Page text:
The Global Sustainable Tourism Criteria (GSTC) aim to provide minimum criteria for certification schemes and voluntary standards on sustainable tourism. Developed by the Partnership for Global Sustainable Tourism, the criteria cover 4 aspects:
Certification and private voluntary standards
Leadership in Energy and Environmental Design (LEED) is a certification system for ‘green buildings’. It provides a framework for identifying and implementing green building design, construction and management.
LEED is a 3rd party certification scheme that certifies buildings against a number of criteria.
The 5 base criteria (worth 20 points each) are:
The Rainforest Alliance Certified seal can appear on farmers’ produce if they have complied with standards set by the Sustainable Agriculture Network (SAN). These standards are predominantly environmental; however they also include social and economic aspects.
The SAN standards are guided by 10 principles, outlined below:
The International Standards Organisation has developed a series of standards that specify principles and requirements for organisations involved in greenhouse gas emission reporting. The ISO standards can be seen as guiding protocols providing general guidelines for the development of other programmes or standards.
The Voluntary Emissions Reduction VER Standard is for carbon offset projects and has been developed by TÜV SÜD (a German based verification company).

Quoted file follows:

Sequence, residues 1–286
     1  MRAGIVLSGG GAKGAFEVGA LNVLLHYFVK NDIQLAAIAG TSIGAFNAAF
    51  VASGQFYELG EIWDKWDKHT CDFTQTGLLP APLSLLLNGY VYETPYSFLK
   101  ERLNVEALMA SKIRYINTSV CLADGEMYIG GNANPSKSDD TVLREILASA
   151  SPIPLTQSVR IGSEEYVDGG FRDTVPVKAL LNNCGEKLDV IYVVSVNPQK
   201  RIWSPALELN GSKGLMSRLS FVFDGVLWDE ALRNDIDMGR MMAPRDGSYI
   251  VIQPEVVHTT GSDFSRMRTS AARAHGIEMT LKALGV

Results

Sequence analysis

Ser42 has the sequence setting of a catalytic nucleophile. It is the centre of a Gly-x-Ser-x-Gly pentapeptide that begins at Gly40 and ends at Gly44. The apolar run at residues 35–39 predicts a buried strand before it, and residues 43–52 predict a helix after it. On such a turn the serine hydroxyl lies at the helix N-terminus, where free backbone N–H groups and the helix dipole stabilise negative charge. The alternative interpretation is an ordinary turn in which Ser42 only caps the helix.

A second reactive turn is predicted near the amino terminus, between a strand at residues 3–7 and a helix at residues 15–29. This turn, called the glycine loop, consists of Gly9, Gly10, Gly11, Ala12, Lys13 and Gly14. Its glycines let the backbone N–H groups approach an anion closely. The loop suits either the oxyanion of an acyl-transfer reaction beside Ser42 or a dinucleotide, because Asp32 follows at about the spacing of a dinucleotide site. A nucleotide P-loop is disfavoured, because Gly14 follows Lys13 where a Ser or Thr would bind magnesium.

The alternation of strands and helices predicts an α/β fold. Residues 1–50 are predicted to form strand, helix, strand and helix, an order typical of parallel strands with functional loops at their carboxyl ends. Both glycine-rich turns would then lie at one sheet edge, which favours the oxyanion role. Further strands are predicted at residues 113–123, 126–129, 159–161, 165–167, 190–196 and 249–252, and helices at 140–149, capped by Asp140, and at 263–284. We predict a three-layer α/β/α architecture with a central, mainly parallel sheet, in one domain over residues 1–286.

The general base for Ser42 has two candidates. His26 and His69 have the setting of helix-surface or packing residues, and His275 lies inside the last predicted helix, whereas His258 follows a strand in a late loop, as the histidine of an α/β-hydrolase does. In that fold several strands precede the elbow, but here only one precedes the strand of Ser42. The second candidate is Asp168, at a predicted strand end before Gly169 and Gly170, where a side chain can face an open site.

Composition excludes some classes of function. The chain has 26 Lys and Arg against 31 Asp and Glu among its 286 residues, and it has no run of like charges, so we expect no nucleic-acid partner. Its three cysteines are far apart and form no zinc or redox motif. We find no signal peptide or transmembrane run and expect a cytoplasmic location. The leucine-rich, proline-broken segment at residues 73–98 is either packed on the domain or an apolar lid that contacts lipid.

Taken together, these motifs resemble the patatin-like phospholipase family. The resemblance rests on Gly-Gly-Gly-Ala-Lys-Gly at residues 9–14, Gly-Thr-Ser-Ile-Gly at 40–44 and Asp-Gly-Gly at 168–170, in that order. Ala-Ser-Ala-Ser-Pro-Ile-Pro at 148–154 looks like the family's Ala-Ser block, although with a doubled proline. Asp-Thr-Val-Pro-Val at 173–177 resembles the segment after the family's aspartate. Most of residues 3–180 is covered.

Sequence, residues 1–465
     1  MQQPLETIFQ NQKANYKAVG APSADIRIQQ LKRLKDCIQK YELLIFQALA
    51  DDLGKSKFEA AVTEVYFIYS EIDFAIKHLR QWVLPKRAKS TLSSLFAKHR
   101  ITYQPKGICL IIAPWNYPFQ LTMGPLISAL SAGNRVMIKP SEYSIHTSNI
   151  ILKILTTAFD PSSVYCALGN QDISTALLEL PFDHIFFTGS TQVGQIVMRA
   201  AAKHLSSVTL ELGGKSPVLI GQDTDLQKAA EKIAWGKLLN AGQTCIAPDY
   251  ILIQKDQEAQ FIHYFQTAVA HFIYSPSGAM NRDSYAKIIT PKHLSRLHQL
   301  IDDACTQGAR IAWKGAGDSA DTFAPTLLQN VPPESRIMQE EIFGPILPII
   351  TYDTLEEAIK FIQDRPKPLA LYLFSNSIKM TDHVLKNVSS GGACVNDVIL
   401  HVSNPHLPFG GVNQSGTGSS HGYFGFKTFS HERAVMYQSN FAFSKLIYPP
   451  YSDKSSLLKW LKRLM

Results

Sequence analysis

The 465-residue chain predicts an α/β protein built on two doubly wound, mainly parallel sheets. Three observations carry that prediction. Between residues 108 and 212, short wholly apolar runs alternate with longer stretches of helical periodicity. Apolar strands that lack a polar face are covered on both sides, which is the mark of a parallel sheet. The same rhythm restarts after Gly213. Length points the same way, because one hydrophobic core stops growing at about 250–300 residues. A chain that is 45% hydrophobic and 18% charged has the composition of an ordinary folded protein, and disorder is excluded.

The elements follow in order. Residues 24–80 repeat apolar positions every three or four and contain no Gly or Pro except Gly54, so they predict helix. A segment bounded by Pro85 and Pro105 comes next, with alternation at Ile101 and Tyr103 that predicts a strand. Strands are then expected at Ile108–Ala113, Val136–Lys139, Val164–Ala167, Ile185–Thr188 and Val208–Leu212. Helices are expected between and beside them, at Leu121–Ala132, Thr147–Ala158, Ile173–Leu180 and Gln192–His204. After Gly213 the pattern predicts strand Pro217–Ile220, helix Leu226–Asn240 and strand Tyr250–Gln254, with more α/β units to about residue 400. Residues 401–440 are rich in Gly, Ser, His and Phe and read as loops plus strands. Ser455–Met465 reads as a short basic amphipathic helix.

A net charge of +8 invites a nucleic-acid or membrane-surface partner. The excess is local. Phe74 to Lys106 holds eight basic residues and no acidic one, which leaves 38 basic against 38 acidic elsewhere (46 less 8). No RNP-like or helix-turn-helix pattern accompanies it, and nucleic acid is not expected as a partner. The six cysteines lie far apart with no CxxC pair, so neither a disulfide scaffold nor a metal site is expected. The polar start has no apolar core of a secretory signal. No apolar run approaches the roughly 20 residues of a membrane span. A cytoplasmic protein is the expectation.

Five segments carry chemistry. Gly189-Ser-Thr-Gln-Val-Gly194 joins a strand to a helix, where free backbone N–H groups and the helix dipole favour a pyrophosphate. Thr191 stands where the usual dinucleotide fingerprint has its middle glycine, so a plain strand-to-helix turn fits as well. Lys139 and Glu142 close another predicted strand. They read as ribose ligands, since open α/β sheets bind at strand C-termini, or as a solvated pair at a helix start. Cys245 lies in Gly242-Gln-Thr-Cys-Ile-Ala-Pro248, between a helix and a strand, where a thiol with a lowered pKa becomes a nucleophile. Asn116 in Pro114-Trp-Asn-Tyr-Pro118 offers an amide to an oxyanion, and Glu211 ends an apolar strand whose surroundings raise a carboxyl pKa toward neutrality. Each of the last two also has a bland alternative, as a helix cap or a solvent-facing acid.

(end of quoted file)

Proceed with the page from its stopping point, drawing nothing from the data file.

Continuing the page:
A number of project types are elgigible for certification, however like the Kyoto mechanisms (Clean Development Mechanism and Joint Implementation) it excludes nuclear power projects and large hydropower projects over 80MW. Hydropower projects over 20MW must conform to requirements of the World Commission on Dams.
The Verified Carbon Standard (VCS) is a ‘comprehensive quality assurance system used to account for greenhouse gas emission reductions and credits’. It applies to offset projects in the voluntary carbon trading sector and was established by the Verified Carbon Standard Association (VCSA).
All Voluntary Carbon Units (VCU’s) produced under the standard must represent GHG emissions that are:
Plan Vivo focuses on small scale forest management and afforestation projects that deliver carbon credits as well as livelihood and ecosystem benefits. A project produces Plan Vivo Certificates (=1t CO2) which are registered and traded on the Markit Environmental Registry.
General principles that guide Plan Vivo are:
SOCIALCARBON is an add-on standard to demonstrate the social and broader environmental co-benefits of some carbon offset projects.
It does not include criteria for the emission reduction itself and as such is always partnered with other existing methodologies (but at present is only used alongside the Verified Carbon Standard). Instead SOCIALCARBON ‘certifies voluntary emission reduction projects for their contributions to sustainable development’.
The American Carbon Registry (ACR) has developed a number of standards to validate and verify carbon emissions reduction projects in diverse sectors including landfill gas, fuel switching, methane capture, forest carbon, truck idling, anaerobic digestion, carbon capture and storage, and rural solar power.
The American Carbon Registry publishes standards, methodologies, protocols and tools for greenhouse gas accounting. The two standards published to date are:
The Roundtable on Responsible Soy is a multi-stakeholder initiative working to certify soy as responsible. Originally it provided a forum for dialogue between various actors in the soy supply chain and civil society, but since 2010 it has drawn up standards for certification of soy products. Sales of certified soy are expected to begin in the first half of 2011.
The principles behind these production standards are described below.